Cultivating a Home: British Living Memories of Jamaican Sugar Landscapes

Margaux Le Quellec

Research output: ThesisMaster's Thesis

Abstract / Description of output

This dissertation reviews the imperial association between Britain and the West Indies, specifically the island of Jamaica, and revisits the effects of the development of the sugar industry in the 18th and 19th century on that landscape and on its representation. In particular, it seeks to show how the sugar industry transformed not only the physicality of Jamaica’s landscape but also the phenomenological characterizations of it. Most interestingly, this inquiry strives to dissect the understandings and readings of the Jamaican sugar landscape through the lens of two main participant groups of this agrarian society: the British settlers belonging to the plantocracy and the colonised slaves. The contextual and iconographical analysis of several primary narratives of the British settlers and the secondary sources of the colonised slaves informs us on both idiosyncrasies and conformities in the understandings and portrayals of the sugar plantations.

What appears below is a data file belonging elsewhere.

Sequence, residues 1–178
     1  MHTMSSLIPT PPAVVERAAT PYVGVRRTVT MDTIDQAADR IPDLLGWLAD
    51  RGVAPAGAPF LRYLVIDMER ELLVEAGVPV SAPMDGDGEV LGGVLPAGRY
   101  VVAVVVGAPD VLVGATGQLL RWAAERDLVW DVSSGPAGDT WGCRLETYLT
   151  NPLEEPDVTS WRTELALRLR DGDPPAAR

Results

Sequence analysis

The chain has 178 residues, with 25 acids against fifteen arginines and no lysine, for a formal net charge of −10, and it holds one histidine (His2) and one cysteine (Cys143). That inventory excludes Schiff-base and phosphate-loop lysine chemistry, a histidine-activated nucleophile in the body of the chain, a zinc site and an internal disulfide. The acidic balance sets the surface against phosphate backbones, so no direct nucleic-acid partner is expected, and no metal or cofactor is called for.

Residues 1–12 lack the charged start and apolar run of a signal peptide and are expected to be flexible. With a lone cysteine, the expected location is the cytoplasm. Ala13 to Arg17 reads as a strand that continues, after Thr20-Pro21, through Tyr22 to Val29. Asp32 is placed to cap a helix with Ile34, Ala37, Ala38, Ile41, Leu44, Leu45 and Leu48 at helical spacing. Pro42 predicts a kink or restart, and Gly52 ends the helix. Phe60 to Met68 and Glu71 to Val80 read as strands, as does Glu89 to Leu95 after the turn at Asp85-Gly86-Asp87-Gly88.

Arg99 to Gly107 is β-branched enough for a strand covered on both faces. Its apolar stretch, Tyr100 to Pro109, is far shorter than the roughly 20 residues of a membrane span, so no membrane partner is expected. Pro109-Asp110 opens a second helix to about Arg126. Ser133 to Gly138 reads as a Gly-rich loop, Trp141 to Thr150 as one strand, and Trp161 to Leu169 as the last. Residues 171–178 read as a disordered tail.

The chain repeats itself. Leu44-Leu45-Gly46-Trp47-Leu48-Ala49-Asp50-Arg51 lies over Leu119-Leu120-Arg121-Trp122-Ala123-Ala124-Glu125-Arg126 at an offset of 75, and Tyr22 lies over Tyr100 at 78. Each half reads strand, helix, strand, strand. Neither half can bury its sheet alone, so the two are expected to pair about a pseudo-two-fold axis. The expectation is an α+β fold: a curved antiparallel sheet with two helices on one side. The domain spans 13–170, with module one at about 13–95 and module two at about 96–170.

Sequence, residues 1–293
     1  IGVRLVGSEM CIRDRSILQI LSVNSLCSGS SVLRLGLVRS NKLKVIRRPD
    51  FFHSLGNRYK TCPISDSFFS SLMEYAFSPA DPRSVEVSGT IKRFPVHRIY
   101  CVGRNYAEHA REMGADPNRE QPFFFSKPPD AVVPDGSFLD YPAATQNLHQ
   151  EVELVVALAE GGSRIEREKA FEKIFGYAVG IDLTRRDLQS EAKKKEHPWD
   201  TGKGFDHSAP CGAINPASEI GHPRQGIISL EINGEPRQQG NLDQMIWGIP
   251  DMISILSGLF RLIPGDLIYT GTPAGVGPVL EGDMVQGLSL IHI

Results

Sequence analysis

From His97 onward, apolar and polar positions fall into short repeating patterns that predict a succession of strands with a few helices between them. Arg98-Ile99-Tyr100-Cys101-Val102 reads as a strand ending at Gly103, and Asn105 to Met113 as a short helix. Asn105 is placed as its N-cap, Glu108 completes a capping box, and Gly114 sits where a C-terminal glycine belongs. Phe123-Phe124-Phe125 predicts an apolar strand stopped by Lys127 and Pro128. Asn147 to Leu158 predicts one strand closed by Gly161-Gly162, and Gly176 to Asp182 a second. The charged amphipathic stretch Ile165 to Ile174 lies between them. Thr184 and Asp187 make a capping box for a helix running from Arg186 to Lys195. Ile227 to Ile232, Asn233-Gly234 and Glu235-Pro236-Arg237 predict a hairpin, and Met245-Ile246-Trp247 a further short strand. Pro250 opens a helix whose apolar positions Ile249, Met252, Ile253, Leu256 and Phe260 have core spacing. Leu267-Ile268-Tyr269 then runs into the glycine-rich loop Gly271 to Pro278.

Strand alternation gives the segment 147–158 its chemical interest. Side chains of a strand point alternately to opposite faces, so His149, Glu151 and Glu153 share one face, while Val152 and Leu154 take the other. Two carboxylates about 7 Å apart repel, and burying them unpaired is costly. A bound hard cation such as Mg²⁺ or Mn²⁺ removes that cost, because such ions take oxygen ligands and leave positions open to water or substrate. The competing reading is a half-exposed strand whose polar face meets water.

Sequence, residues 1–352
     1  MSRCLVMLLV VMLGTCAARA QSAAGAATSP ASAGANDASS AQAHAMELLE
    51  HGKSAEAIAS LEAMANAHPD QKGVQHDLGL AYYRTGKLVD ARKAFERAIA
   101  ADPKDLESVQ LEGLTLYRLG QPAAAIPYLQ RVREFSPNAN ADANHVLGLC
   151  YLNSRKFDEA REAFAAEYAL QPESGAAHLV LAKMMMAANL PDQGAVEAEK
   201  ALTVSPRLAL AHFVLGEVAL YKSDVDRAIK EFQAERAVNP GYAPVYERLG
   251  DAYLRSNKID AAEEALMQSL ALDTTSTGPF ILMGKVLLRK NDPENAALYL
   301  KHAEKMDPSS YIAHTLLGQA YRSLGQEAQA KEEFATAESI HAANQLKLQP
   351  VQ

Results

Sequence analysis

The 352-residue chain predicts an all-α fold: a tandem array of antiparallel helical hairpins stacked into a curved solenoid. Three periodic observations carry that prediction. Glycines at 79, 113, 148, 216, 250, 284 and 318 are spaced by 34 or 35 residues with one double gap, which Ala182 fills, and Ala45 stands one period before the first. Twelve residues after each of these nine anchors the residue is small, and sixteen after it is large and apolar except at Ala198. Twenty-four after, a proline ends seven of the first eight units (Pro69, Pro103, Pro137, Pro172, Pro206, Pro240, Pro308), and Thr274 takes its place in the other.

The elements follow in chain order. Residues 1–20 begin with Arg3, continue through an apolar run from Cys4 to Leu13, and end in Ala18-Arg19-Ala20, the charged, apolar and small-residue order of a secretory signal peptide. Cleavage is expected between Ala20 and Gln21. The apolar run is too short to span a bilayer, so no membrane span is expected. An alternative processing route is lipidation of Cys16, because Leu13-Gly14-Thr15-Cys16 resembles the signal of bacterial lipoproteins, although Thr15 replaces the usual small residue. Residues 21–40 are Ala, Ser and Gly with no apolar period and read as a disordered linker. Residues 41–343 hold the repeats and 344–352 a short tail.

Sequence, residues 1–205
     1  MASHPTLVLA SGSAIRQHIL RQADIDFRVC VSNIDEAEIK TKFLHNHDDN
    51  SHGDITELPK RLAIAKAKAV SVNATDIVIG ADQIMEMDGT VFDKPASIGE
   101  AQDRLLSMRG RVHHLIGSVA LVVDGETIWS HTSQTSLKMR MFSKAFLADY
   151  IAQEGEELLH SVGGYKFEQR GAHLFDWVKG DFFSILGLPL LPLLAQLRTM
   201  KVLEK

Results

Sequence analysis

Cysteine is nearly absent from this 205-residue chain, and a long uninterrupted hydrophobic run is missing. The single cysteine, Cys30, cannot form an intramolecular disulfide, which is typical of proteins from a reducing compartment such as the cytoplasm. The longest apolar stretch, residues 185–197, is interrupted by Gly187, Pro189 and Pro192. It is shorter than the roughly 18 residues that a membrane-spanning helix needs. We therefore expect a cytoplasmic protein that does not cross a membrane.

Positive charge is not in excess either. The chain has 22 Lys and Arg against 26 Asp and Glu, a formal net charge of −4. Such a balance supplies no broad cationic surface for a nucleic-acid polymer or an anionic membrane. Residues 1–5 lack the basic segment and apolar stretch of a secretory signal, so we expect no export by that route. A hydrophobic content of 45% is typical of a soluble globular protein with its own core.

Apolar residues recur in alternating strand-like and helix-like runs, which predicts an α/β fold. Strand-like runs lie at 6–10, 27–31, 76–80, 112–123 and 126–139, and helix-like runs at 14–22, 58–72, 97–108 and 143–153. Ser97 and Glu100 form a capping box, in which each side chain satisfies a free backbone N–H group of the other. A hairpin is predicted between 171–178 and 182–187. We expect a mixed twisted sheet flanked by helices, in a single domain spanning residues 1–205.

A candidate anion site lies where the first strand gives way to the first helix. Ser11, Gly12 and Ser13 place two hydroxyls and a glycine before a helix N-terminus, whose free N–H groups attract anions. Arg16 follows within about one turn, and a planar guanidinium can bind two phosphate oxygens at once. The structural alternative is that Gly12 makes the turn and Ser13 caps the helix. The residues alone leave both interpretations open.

The analysis reveals three main concluding statements regarding the two interest groups. The first is the emergence of the literal understanding of the British settlers, an understanding that is completely aware of the horrors of the sugar industry, but in which cruelties are quieted and justified by the riches to made. The second revolves around the recognition of brutal actualities of the sugar landscape detailed by the slave narratives, an understanding of the landscape based
on their duties and endless labour. Lastly, addresses the transmutation and transformation of these understandings into a picturesque aesthetic sold to the wider audiences in Europe.

The findings not only offer a synthesis on how British settlers and the colonised slaves came to understand the landscape but also how these understandings and representations materialized. These specifically, emphasise the stark difference between the understanding and the representation of the Jamaican sugar landscape.
Original languageEnglish
Awarding Institution
  • University of Edinburgh
  • Lima, Francisca, Supervisor
Publication statusPublished - 2020


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